The first line has a little problem because it is missing the tricky transition from C=1 X=0 Y=0 to C=0 X=1 Y=0. We'll keep it as is to mark the "primary orbit" (which is open). So let's look at the 2nd line: X=2 is arrived by coming from X=12. So we can replace those 2 lines with one that reads:
11 12 22 2
X=12 goes to X=11 in 6+16=22 steps and 1+1=2 semi-arcs.
However the fusion means that the unsorted stream will see the entry a second time and it should not be processed again. Our program should contain a scoreboard that marks the value as used so it will be skipped. For w32, it could be held in 512MB (1 bit per value) and leave enough room for the rest. Interestingly : the scoreboard is written out-of-order but read back in-order so the penalty is not enormous.
Fusion can only go forwards because otherwise the stream would have to modify its own history. It's not impossible if the program keeps some of the past values in a buffer before committing them to storage, but that's pretty inconvenient. This should be solved by the sorting phase.
The fusion can only progress forwards but should also alternate with backwards passes, which is possible with sort -r. The dataset size would shrink by about 25% after each fusion pass or 50% after a pair of forward-backwards passes. Local fusions are also possible (and parallel) though I don't expect much gain: if a file contains 1/256 of the dataset, there is only 1 chance in 256 that the origin is also in the same file, so that's much processing for little gain... Overall if one pair of passes shrinks the dataset by half, then 32 passes will be required for w32. The first passes will be the longest, then as soon as the dataset fits in RAM, the RAMdisks will speed up the access and the rest will be faster.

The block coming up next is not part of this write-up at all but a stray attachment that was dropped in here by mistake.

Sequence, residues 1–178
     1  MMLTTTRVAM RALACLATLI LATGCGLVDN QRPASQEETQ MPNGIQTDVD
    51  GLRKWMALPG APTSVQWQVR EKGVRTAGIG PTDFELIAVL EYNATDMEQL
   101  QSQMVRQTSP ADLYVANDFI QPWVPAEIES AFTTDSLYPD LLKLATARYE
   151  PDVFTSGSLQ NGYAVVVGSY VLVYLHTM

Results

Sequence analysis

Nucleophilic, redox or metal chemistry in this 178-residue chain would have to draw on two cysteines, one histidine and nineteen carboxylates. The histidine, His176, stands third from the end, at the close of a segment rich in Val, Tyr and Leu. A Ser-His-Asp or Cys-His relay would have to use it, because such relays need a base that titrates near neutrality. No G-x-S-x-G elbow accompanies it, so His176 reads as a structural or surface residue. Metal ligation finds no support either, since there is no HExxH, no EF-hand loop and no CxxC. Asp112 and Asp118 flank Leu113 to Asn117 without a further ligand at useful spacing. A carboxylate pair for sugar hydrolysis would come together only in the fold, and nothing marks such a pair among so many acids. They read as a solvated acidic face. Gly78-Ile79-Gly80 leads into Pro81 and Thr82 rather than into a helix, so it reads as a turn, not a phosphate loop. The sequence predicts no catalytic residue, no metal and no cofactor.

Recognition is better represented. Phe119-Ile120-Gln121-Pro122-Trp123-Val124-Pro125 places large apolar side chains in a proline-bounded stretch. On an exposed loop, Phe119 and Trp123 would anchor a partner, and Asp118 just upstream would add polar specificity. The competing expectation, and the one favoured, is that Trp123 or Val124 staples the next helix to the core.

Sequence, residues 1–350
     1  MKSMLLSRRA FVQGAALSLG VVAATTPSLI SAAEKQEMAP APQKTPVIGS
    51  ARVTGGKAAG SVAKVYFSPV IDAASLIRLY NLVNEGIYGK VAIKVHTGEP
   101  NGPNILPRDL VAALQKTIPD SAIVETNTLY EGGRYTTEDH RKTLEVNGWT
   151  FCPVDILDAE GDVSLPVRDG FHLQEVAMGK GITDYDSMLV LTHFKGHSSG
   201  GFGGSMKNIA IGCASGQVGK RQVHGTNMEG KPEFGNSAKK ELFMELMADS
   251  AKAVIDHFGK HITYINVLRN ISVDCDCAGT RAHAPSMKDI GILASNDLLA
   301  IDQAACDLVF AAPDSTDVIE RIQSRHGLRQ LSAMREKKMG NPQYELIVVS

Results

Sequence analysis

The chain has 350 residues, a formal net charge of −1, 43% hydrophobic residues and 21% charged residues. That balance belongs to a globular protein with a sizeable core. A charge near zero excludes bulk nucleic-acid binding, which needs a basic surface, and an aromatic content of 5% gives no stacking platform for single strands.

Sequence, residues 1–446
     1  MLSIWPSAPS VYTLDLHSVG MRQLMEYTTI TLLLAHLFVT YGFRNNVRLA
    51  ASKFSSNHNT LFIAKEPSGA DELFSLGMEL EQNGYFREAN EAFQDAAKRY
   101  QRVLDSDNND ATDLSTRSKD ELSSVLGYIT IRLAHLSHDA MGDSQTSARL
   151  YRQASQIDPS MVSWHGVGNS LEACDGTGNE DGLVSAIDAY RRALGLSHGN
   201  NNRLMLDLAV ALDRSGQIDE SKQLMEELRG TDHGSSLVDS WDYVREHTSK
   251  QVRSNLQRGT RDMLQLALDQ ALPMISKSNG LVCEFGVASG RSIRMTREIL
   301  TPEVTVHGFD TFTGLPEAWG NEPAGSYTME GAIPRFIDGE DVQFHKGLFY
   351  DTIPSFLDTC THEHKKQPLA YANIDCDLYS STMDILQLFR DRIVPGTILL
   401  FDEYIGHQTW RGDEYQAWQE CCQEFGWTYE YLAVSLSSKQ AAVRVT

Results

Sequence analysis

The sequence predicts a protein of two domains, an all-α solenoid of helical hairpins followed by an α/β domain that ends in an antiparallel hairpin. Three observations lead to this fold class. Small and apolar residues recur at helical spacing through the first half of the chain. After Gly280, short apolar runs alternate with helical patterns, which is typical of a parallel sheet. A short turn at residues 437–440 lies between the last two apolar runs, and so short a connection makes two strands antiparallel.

Another issue is that merged entries will be output totally out-of-order by the fusion program. I need a way to tell sort to ignore the first column...
-k, --key=KEYDEF sort via a key; KEYDEF gives location and type
seems to assume that each line has a fixed format, which is not very practical.
OTOH the option
-z, --zero-terminated line delimiter is NUL, not newline
sounds interesting, particularly in light of
*** WARNING *** The locale specified by the environment affects sort order. Set LC_ALL=C to get the traditional sort order that uses native byte values.
So sort could sort binary data, as long as these data don't contain a zero. However, binary doesn't mean "raw" because the bytes must be stored "Big Endian"-style, MSB first. A 32-bit word will require 5 bytes, as the MSB of each byte is set to 1, à la MIDI, and 7 bits remain. Space/separator is 7F and EOL is 00. The Xorig et Xend fields need to be fixed-size but the arc count and length can have variable size. Unlike the previous formats, there is almost no base conversion, though it's not user-readable.
From there, the number of "bins" or "chunks" could be reduced to 128, as this is the range encoded by the first byte of the number (either Xorig or Xend).
Example: To sort on the second field, use ‘--key=2,2’ (‘-k 2,2’).
And the doc says that -n should be preferred to -g.
That looks good...
(stay tuned, tbc)